Today is day 2 of the 31 day 2020 Countdown.
Here is PART TWO of sharing tidbits from the book “Water, A View from Japan.” PART ONE of “Water, A View from Japan” is HERE
Today’s post was a “draft” and we all know that some drafts need to be trashed, but I thought this one should make it into a post – mainly because I really like this umbrella photo:
I think this photo had more power back int he day – you know before we all had easy access to color selection and filter apps. Also, the photo stands strong in composition for the balanced feet top left and top right – where the right side is a bit more distant and gives informal balance. And the one foot is lifted of our umbrella-carrying subject – nice and centered works for this photo – with his leggings and classic winter jacket – and shoes matching the upper ones. Then the yellow – beautiful umbrella top on an angle – but not too tilted to give us a sense of stability – with hints of yellow in the glistening water on the gravel. The contrast between the blah gravel pieces (and maybe jacket) and the colorful design of the umbrella bring energy into the water on the ground. And then the polka dot dress with some heels upper left – a lot to soak up – don’t ya think? (Book credit: Water, A View from Japan)
It is Music Monday so here is Yiruma playing River Flows in You. And John Holton has a fun Christmas playlist for his #MusicMonday post here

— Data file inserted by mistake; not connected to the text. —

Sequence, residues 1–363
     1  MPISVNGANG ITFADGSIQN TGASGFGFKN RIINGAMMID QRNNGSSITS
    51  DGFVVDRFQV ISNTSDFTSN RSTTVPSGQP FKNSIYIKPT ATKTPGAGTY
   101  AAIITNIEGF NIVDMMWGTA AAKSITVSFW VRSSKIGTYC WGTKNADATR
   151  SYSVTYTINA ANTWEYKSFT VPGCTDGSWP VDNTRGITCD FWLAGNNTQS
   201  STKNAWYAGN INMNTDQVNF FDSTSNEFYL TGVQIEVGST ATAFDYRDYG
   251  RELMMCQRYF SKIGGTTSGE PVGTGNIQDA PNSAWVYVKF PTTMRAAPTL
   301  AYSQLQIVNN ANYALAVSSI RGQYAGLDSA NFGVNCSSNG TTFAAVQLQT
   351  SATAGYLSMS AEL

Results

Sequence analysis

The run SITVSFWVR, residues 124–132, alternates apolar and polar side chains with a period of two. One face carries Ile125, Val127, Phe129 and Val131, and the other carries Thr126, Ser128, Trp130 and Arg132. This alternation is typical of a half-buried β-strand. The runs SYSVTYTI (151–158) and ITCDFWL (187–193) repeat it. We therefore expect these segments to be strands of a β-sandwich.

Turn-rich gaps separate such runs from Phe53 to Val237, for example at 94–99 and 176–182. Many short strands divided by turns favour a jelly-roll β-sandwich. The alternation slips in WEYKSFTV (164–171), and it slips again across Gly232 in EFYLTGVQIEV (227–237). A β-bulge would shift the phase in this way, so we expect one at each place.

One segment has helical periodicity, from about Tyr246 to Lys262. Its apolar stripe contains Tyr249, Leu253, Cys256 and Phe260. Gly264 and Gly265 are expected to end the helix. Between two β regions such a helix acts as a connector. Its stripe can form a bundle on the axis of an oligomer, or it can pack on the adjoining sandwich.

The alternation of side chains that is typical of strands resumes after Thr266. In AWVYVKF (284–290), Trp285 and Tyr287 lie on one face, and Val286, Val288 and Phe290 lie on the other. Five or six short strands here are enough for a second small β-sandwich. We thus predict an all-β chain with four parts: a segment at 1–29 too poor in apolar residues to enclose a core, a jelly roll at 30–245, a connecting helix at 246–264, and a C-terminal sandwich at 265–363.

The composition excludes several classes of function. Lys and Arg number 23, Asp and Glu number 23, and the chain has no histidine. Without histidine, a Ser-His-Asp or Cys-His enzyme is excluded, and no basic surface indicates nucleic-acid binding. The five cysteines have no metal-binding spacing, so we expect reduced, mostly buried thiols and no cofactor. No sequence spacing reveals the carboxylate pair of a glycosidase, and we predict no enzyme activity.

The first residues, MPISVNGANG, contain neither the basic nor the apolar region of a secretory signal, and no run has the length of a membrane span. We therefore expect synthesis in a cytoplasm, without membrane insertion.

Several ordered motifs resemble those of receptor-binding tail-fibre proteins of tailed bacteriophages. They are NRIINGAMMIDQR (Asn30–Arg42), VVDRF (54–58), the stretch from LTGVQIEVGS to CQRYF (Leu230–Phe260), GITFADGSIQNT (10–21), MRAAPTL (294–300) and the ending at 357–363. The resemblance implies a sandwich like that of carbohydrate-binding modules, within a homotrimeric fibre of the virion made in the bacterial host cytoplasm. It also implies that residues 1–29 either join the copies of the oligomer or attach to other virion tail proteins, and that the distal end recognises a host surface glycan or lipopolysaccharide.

Now the photos from the draft folder:
History of how this water book made it to the Pembroke Springs B&B (w ebsite is ) here
Carp were back in the Sumida
Sumida cleanup in the 70’s
Many children know Hokusai’s “Great Wave” art piece because years ago Apple had an image of this as part of their screen saver options. I can still this image scrolling on certain people’s laptops…oh the little things that link our memories.
Bath as a social event? Not everyone’s cup of tea….
SO BEAUTIFUL: Liquid gold used to make art depicting water and mountains flowing together as the earth and sky connect.
The Japanese art technique known as Maki-e means “sprinkled picture.” Artists trace the design motifs with lacquer onto the surface and then add gold powder (sprinkle it) onto the design. More info . here
Okay – see you again later with the next post for the 2020 Countdown.
2020 COUNTDOWN POSTS
Day 1: Beach Photos here